Tuesday, May 13, 2008

Should Everyone Attend College?

In a previous post, I disagreed with Kevin Carey. This time, I'd like to defend him. A recent article in The Atlantic (which I haven't read since I don't have a subscription, don't feel like sitting in Barnes & Noble, and it isn't online) described the life of an adjunct professor who teaches adult ed classes in the evenings and finds that most students don't have the skills to complete college coursework. Apparently the point of the article is that college isn't for everyone.

Kevin Carey writes

One thing's for certain: this piece will be catnip for those who like to adopt the contrarian too-many-people-are-going-to-college-these-days position. This is an especially attractive stance for elitists and/or people who spend a lot of time searching for opportunities to loudly begin sentences with some variation of the phrase "I know it's not politically correct to say this, but..." as if this denotes intellectual bravery of some kind.

he continues on to argue that perhaps it would be more beneficial to put more effort into these programs rather than loudly complain that these students don't belong in college.

Liam Julian, on the Fordham Institute's blog, apparently disagrees. He criticizes Carey for "impugning motives" and "name-calling" and then goes on to mock ("The blatant rejection of reality inherent in Carey’s sentences is astounding") his position. I have an avowed dislike for unproductive, thoughtless, side-taking blog posts and while both posts touch on this territory, Carey's (with the exception of the above paragraph) is much more thoughtful and much less accusatory.

Anyway, Julian continues on to write that college isn't for everybody, that it's not supposed to teach remedial skills, and that pushing underqualified students into college will accomplish nothing other than cheapening college degrees.

I have a number of problems with these arguments:

1. It's easy for us folks with college degrees to sit at our computers and say that not everyone belongs in college, but self-interest precludes any sort of impartial judgment on this matter. If fewer people graduate from college then my degree looks that much better (and vice-versa).

2. I'm not sure that Carey ever made the argument that colleges should teach remedial skills to underqualified students. The fact that students graduate from high school unable to read or write at a college level doesn't mean they shouldn't go to college, it means that they should have learned more while they were in their previous schools. Since it's too late for them to learn more in elementary, middle, and high school then it's entirely appropriate for them to enroll in some sort of classes that will adequately prepare them for college. If colleges choose to make promises they can't keep in order to make money off these classes, then shame on them.

3. Despite the fact that I've previously informed him he was incorrect about this, Julian still assumes that the number of people graduating from college is skyrocketing at an alarming rate. If one looks at the statistics (look at the second category, third column) it becomes readily apparent that this isn't the case. The percentage of 25-29 year-olds with at least a bachelor's degree has remained virtually flat over the past decade. Below is a list of this figure for each of the past 10 years for which data are available.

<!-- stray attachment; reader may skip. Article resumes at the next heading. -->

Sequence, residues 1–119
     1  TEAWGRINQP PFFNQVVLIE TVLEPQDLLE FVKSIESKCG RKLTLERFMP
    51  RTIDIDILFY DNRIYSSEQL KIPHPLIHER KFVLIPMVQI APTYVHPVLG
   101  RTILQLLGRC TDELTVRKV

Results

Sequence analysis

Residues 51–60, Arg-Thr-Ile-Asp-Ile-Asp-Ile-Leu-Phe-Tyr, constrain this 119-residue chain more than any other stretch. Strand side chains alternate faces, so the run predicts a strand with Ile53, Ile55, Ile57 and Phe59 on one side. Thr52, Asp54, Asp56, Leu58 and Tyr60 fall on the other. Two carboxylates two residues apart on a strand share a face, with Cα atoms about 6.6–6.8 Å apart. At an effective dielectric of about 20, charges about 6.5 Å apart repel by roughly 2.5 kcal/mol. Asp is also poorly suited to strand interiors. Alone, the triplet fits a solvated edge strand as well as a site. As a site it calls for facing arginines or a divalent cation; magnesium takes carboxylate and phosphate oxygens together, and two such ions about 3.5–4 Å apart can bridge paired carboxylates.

1997: 27.8%
1998: 27.3%
1999: 28.2%
2000: 29.1%
2001: 28.6%
2002: 29.3%
2003: 28.4%
2004: 28.7%
2005: 28.6%
2006: 28.4%

4. Even if we assumed that this figure was on the verge of increasing rapidly, exactly what would that harm? Let's say that 50% of the population gets a bachelor's degree and the percentage of people with a graduate degree also doubles. Other than the amount of student loan debt that the population has, I fail to see how this is a bad thing. In 1910, 13.5% of the population had a high school diploma. The figure now stands at 85.5%. Has this ramp-up in educational attainment had some sort of detrimental effect on our society? If so, what?

5. Julian assumes that anybody who thinks more students should attend college thinks that everybody should go to college. It's quite apparent that this is a willful exaggeration. We are so far from a 100% college graduation rate (heck, most high schools graduate significantly less than 100% of their students) that it's a completely unrealistic goal even for the most optimistic pundit. Arguing that more students should be able to enroll in college and arguing that everybody should enroll in college are not one and the same. I, for example, think more people should enroll in college; but I don't think everybody should. In other words, it is possible to have a somewhat nuanced position on the issue.

Update: The article is now online here. After reading it, I posted some more thoughts on the article here.


Mike Reibel said...

It may well be true that the proportion of those over 25 with a college degree has remained flat for a decade. If that is the case, it means far more people are going to college and never graduating. How is that a good thing?

Corey Bunje Bower said...

Who says more people are enrolling in college?

Anonymous said...

No everyone should not attend college. This guy makes a pretty good argument as to why not: http://higher-ed-reform.blogspot.com/2009/09/some-problems.html

I'd add also that there are practice reasons... everyone going to college drives up prices and competition unnecessarily.